I kind of like this composition for a rectangular type base.Nothing is parallel or 90deg to one another.The two black objects are the volume taken up by the water tower and the windmill.They will have to do for now until I can find the proper dimensions.
Where you see the boxcar in this mock-up it will be replaced by a combo passenger/baggage car which will save me a whole car length in the composition.The caboose will be replaced by a passenger car cut in two with a shack built around one end like in the film.It is supposed to depict a early cattle/passenger station with railway ties for the platform.
Why bother doing a mock-up in small scale? because it makes it so much easier to build the real thing.You have a constant reference in 3D to help.If you build it to scale you can simply scale it up to the scale you are working with.
In the pic of the diorama that I am building now it is in 1/16th scale, the mock-up is 1/48.
Clever, actually, to do a smaller-scale mock up. Easy to fiddle with, no fuss if mistakes or changes are made. I like the skewed orientation, too ... sort of adds some extra depth-perception to the scene.
This could be considered my layout for the diorama that I am working on right now.It is made up of five different modules.
2 backyard modules screwed together,surrounded by a building facade module and two lane way modules and attached the same way.The whole thing can be taken apart in minutes.With a little planning the joints can run along fence lines etc.. and never show.
Hi guys! I am new here but have been doing dioramas for a long time.This will be my first RR diorama and will be dedicated to the film and its director Sergio Leone.
This diorama will be for me! Long before other models came into my life their was my American Flyer train ,that I played with for years just on the floor, more than 60 years ago now.
Sergio gave an interview once and told of how his interest in the old west was developed in his childhood probably about 10 years before mine.Like he did I went to the movies and sucked in all that old west mythology,then came home and played out the scenes with my buds or my model train.
As I reach my 70's it seems that I want to re-connect with my long gone childhood and play with my trains again.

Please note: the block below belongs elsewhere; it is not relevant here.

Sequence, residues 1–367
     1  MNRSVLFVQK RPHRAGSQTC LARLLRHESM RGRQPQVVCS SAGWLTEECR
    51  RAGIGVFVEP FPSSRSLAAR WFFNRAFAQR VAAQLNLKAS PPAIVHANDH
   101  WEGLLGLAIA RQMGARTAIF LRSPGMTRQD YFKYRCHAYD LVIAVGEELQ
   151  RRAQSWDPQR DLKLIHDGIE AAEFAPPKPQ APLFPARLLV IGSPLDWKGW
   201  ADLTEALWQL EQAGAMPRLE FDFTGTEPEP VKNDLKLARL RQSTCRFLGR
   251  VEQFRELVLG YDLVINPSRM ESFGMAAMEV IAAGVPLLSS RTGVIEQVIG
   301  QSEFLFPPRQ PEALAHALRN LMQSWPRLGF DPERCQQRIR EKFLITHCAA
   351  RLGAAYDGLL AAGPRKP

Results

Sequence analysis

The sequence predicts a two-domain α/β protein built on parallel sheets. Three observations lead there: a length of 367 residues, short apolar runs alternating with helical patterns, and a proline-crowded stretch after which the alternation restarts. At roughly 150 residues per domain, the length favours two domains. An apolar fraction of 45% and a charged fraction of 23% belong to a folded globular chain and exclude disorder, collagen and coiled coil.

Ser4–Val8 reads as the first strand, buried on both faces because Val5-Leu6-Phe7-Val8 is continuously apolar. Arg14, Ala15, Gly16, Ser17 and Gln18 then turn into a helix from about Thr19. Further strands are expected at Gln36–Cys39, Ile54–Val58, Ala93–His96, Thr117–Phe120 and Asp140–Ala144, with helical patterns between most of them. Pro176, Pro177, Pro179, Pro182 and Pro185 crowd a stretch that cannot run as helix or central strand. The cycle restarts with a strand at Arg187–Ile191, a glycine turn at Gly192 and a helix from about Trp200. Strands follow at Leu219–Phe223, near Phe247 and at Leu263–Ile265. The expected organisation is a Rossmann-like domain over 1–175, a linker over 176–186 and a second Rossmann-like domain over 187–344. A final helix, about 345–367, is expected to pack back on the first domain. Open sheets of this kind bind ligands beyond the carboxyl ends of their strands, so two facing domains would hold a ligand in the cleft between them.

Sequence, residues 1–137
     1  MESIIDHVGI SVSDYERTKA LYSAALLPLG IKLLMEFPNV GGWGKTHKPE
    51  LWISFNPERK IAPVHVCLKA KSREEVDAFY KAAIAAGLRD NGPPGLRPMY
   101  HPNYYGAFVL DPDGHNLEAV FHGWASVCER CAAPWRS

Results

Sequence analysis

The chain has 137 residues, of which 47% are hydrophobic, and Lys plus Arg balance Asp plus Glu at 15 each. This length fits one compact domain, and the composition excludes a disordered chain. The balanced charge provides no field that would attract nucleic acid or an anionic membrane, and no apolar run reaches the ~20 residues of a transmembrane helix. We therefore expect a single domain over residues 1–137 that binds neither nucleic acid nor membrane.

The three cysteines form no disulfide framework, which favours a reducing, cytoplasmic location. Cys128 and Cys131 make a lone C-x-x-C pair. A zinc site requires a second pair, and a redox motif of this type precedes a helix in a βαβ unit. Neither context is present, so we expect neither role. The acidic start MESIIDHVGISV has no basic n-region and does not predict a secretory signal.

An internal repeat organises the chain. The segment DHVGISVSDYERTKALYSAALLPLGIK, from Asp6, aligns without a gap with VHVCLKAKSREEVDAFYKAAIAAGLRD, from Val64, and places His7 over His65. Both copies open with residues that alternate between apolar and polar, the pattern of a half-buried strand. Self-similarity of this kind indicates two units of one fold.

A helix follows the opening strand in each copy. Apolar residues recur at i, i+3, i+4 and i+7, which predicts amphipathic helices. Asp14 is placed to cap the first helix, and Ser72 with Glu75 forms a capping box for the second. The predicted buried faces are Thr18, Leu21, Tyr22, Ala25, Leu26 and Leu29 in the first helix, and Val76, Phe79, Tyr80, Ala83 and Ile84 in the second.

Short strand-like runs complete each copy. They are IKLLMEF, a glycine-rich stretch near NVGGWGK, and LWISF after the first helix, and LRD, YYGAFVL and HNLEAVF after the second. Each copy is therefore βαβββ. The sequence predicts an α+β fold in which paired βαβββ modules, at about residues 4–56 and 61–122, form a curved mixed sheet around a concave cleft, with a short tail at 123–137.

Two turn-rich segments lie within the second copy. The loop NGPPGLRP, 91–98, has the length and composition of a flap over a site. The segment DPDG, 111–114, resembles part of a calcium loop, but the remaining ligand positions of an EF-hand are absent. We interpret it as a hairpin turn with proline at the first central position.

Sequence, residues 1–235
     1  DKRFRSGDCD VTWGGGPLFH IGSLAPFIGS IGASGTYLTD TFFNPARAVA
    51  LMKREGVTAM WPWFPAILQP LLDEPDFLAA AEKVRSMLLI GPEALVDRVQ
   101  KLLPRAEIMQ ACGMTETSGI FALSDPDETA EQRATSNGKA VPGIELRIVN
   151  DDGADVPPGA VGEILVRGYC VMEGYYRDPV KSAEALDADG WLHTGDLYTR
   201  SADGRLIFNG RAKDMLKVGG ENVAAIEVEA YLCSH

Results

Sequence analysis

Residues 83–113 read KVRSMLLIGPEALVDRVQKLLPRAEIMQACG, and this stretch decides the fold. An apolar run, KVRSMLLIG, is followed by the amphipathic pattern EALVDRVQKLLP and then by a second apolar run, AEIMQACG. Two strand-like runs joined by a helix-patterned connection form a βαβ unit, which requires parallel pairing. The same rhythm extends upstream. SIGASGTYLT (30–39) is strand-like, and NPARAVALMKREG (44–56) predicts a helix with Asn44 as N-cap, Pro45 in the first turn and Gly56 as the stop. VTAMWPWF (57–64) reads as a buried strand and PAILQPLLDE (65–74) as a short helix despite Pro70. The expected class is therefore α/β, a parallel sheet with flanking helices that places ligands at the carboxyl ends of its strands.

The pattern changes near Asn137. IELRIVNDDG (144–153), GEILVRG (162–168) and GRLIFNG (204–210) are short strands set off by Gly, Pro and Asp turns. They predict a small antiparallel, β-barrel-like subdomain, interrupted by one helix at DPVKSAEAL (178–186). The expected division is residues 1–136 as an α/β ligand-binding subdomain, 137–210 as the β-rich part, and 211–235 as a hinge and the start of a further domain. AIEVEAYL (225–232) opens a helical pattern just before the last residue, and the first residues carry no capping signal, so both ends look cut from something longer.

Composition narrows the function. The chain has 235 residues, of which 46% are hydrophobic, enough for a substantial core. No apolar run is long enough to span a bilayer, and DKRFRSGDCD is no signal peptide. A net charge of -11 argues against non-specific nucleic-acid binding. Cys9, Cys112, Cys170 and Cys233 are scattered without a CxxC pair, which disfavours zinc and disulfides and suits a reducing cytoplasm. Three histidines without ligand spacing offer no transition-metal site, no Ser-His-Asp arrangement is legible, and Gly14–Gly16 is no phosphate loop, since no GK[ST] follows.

.You know it is funny how these creative seeds are planted in your brain.When I walked out of the movie theater 40 years ago after seeing this movie for the first time,I knew something had changed,that I had experienced something that really hit home.I couldn't quite figure it out at the time but I new that I had just witnessed a great piece of Art.I have seen the movie many times since but it was only when I got into storyboard dioramas that I really began to appreciate it .The genre I had always loved since I was a kid, "The Old West", but this film was different from anything I had seen before.
I bought the special collector's edition DVD of the film and began to really study it this time.
This edition not only has the movie itself but you can program it for a running commentary on every scene by knowledgeable film people.
There is also 3 documentaries included.
Maybe its because I am an old fart now but for me this is a wonderful tool that I would of never dreamed of years ago.A university course on film making in a box. "WOW"
When studying this film I sometimes just run it with sound,sometimes without sound and sometimes just the sound alone.I freeze frame compositions that I like and note lighting ,composition etc...I take pics with my digital camera right from my computer screen for research purposes.Never before have artists had all these wonderful tools at hand whenever they need them.It kinda blows me away!Home based artists have never had it so good!Now we too can learn from the masters in an exciting new way.